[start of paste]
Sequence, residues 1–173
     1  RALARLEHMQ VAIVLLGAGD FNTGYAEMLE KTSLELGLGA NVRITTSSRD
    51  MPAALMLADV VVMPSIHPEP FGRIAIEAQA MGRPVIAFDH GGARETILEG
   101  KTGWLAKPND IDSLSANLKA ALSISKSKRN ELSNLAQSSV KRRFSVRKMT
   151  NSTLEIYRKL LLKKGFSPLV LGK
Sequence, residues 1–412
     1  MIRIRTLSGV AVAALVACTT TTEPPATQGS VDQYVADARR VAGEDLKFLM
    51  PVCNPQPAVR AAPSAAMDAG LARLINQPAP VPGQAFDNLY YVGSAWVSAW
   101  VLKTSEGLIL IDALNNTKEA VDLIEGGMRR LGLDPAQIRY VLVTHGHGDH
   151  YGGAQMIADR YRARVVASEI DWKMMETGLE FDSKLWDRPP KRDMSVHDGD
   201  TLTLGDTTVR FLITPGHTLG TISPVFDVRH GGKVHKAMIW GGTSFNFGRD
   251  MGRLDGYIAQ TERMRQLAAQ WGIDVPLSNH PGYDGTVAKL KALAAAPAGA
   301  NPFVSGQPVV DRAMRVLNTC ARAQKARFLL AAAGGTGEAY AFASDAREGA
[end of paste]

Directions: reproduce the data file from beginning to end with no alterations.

Sequence, residues 1–173
     1  RALARLEHMQ VAIVLLGAGD FNTGYAEMLE KTSLELGLGA NVRITTSSRD
    51  MPAALMLADV VVMPSIHPEP FGRIAIEAQA MGRPVIAFDH GGARETILEG
   101  KTGWLAKPND IDSLSANLKA ALSISKSKRN ELSNLAQSSV KRRFSVRKMT
   151  NSTLEIYRKL LLKKGFSPLV LGK
Sequence, residues 1–412
     1  MIRIRTLSGV AVAALVACTT TTEPPATQGS VDQYVADARR VAGEDLKFLM
    51  PVCNPQPAVR AAPSAAMDAG LARLINQPAP VPGQAFDNLY YVGSAWVSAW
   101  VLKTSEGLIL IDALNNTKEA VDLIEGGMRR LGLDPAQIRY VLVTHGHGDH
   151  YGGAQMIADR YRARVVASEI DWKMMETGLE FDSKLWDRPP KRDMSVHDGD
   201  TLTLGDTTVR FLITPGHTLG TISPVFDVRH GGKVHKAMIW GGTSFNFGRD
   251  MGRLDGYIAQ TERMRQLAAQ WGIDVPLSNH PGYDGTVAKL KALAAAPAGA
   301  NPFVSGQPVV DRAMRVLNTC ARAQKARFLL AAAGGTGEAY AFASDAREGA